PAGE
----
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Protecting Our Nation's Health in an Era of Globalization: CDC's Global Infectious Disease Strategy
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Appendix E: Regional and Disease-Specific Surveillance Networks

A. Regional Networks for Disease Surveillance & Outbreak Response

  • Integrated Disease Surveillance and Epidemic Preparedness and Response Project, led by WHO/AFRO
  • International Disease Survey for diseases of epidemic potential (e.g., meningitis, yellow fever, cholera, measles, and polio), supported by USAID

Other disease surveillance activities in Africa:
The disease surveillance component of UNAIDS’ International Partnership Against HIV/AIDS in Africa (IPAA) monitors progress in reducing infection rates and deaths from HIV/AIDS, TB, and opportunistic infections.

As part of USAID’s African Integrated Malaria Initiative (AIMI), CDC helps ministries of health in Benin, Kenya, Malawi, and Zambia monitor progress in reducing illness and deaths from malaria. During 2001, AIMI surveillance activities will also be conducted in collaboration with the ministries of health of the Democratic Republic of the Congo, Nigeria, Senegal, and Uganda.

The U.S. Army Medical Research Unit in Nairobi (USAMRU-Kenya) is coordinating an effort to enhance surveillance for HIV/AIDS, malaria, yellow fever, and enteric illnesses in east Africa. Partners include ministries of health in Kenya and Uganda, the Kenya Medical Research Institute (KEMRI), the African Medical and Research Foundation (AMREF), and CDC’s Kenya Field Station.

The Americas and the Caribbean Go to top of page
  • Amazon Basin Network
    Includes 7 laboratories from 5 nations
  • Southern Cone Network
    Includes 8 laboratories from 6 nations
  • Caribbean Epidemiology Center (CAREC) disease surveillance system
    Includes the 21 members of CAREC
  • Middle America Network
  • U.S.-Mexico Border Infectious Diseases Surveillance Project
  • U.S./Canada International Circumpolar Surveillance project to enhance surveillance for invasive bacterial infections among indigenous peoples in subarctic regions of northern Canada and Alaska. This project is conducted in association with the International Circumpolar Surveillance project in Europe (see: Europe).

Other disease surveillance activities in the Americas and the Carribean:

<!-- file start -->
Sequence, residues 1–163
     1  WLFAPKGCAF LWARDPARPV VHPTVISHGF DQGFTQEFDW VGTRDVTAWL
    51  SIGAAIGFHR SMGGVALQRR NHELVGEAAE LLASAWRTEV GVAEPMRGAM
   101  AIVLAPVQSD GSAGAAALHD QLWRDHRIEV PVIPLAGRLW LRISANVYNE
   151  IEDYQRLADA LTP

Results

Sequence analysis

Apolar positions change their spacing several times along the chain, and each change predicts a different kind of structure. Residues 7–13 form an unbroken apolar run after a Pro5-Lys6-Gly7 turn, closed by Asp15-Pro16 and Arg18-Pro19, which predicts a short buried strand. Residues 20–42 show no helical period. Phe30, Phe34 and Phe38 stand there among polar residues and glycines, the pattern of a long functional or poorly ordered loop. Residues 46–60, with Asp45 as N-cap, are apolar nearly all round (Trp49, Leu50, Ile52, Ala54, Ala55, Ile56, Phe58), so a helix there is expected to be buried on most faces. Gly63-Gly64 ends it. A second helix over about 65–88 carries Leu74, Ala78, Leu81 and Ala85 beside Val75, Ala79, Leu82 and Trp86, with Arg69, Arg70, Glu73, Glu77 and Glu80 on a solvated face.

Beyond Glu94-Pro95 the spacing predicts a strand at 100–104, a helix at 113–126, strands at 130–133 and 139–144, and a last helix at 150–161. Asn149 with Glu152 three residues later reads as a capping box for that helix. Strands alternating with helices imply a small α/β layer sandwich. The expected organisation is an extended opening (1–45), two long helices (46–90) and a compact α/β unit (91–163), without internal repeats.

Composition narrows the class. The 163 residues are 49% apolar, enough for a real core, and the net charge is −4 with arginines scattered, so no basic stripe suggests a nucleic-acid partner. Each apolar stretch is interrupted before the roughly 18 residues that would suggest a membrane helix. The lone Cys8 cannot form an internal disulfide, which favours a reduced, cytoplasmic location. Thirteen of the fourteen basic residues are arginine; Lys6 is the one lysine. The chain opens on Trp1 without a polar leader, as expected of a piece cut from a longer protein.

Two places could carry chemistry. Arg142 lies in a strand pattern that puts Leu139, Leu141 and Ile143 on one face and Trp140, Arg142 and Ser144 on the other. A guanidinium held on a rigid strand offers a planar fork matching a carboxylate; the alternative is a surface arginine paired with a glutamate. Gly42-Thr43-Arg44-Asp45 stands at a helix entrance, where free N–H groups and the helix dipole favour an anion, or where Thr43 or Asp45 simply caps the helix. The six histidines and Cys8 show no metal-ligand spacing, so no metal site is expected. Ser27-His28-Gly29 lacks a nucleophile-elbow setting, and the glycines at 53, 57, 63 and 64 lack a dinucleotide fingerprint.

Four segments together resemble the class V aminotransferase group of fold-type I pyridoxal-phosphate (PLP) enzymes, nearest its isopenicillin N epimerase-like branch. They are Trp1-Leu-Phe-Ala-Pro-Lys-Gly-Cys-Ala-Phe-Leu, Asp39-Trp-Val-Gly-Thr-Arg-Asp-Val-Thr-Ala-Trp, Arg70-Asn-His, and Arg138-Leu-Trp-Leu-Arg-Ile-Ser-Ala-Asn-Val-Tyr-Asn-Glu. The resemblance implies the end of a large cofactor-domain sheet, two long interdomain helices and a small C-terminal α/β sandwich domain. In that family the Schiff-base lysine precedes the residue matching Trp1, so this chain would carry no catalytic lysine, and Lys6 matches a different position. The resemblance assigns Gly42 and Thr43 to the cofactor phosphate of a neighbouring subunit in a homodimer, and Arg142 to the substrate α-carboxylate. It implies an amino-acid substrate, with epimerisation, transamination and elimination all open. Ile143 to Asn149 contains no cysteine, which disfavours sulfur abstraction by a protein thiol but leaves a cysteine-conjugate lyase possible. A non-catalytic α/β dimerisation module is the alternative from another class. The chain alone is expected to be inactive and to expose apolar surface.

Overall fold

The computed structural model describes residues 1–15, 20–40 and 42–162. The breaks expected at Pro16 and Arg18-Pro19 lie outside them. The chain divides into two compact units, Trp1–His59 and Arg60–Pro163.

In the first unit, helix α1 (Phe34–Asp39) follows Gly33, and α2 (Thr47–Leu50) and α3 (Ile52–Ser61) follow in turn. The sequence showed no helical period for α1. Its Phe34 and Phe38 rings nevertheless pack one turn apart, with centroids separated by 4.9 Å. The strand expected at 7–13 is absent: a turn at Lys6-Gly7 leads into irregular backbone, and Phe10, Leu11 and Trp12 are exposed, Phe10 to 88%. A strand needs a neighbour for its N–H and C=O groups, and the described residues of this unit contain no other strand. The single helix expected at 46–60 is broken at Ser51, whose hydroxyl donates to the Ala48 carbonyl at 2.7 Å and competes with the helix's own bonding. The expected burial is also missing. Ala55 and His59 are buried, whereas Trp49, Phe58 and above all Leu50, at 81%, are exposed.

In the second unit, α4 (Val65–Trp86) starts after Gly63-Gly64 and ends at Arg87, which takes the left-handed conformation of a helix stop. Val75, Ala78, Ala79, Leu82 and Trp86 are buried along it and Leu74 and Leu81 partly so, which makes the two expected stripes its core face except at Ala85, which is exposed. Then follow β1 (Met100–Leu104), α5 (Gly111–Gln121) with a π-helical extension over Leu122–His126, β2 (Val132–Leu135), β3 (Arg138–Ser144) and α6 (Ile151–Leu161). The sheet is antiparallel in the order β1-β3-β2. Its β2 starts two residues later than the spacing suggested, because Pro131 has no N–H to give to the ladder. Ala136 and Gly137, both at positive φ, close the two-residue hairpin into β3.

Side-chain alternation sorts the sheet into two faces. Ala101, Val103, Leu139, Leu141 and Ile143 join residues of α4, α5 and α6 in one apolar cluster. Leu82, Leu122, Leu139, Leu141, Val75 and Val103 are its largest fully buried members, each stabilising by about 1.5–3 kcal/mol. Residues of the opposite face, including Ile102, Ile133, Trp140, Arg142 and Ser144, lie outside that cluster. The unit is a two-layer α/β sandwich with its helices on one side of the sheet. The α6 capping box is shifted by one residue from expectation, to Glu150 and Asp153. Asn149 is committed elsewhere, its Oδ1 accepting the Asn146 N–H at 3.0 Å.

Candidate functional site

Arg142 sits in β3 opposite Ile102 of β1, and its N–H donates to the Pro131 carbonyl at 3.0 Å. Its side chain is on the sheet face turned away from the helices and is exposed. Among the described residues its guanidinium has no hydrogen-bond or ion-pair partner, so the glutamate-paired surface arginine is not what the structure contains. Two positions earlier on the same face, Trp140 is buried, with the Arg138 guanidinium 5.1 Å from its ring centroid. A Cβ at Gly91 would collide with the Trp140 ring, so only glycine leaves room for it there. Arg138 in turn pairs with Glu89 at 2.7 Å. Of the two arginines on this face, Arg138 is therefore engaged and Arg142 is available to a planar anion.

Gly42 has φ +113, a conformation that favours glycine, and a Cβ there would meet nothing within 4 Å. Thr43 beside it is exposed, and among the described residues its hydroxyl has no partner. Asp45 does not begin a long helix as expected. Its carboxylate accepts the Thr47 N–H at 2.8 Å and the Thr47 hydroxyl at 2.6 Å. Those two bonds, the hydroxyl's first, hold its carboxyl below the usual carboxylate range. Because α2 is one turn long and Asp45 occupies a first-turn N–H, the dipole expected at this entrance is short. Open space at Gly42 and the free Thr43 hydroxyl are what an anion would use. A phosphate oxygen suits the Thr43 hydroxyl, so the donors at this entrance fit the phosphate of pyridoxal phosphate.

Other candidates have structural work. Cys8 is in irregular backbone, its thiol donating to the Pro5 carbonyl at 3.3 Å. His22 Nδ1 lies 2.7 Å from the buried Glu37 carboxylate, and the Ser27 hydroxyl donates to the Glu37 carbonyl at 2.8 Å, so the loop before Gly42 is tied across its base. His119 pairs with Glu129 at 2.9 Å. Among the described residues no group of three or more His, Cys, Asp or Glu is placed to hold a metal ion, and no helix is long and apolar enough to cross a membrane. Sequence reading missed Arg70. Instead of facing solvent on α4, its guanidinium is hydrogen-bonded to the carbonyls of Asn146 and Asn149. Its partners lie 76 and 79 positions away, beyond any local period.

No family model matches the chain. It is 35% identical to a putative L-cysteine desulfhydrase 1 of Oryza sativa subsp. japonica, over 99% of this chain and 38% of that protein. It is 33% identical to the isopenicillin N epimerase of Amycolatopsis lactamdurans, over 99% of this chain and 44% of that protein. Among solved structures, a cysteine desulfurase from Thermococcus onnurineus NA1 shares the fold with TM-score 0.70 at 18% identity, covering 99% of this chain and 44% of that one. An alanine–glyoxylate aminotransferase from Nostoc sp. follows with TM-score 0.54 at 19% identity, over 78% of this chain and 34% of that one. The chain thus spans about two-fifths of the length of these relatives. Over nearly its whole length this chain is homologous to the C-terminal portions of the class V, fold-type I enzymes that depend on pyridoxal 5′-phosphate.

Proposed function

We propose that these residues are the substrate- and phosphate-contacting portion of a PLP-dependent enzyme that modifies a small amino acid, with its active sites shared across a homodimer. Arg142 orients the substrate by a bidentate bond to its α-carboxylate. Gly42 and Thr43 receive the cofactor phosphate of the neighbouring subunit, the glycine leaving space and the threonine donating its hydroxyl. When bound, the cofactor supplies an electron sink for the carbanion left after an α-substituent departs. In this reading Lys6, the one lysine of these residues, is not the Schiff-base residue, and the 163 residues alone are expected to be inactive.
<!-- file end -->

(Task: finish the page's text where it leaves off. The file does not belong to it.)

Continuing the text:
The U.S. Naval Medical Research Center Detachment (NMRCD) in Lima is coordinating an effort to enhance surveillance for malaria, yellow fever, dengue, and other hemorrhagic fevers in South America. Planners include ministries of health of Peru, Ecuador, and Bolivia, WHO/PAHO, and CDC. An epidemiologist from CDC is currently stationed at NMRCD.

Asia Go to top of page
  • Mekong Delta Surveillance Network
    Includes China (Yunan), Cambodia, Laos, Thailand, Myanmar, and Vietnam
  • Pacific Public Health Surveillance Network (PacNet)
    Includes 20 Pacific islands
  • Early Warning Outbreak Recognition System (EWORS)
    A collaboration between the Indonesian Ministry of Health and U.S. Naval Medical Research Unit No. 2 (NAMRU-2). It currently involves hospitals throughout Indonesia and is expanding to include hospitals in Cambodia.

Other disease surveillance activities in Asia:
Disease Surveillance and Electronic Networking are two of six “pillars” in a strategy to fight HIV/AIDS and infectious diseases endorsed at the 2001 summit meeting of the Asia-Pacific Economic Cooperation (APEC). (The other pillars are: Outbreak Response, Capacity Building, Partnering Across Sectors, and Political and Economic Leadership.) As part of this effort, work has begun toward the creation of an Asia-Pacific network of networks that will knit together existing electronic infectious disease networks and facilitate timely transmission of public health information across APEC economies. The cooperative system will build on existing APEC projects that enhance surveillance for influenza, E. coli O157 infection, dengue, and dengue hemorrhagic fever.

The first International Emerging Infectious Program (IEIP) was established in Bangkok in September 2001, as a collaboration between CDC and the Ministry of Health of Thailand. This IEIP site will serve as a resource for infectious disease surveillance networks in Asia.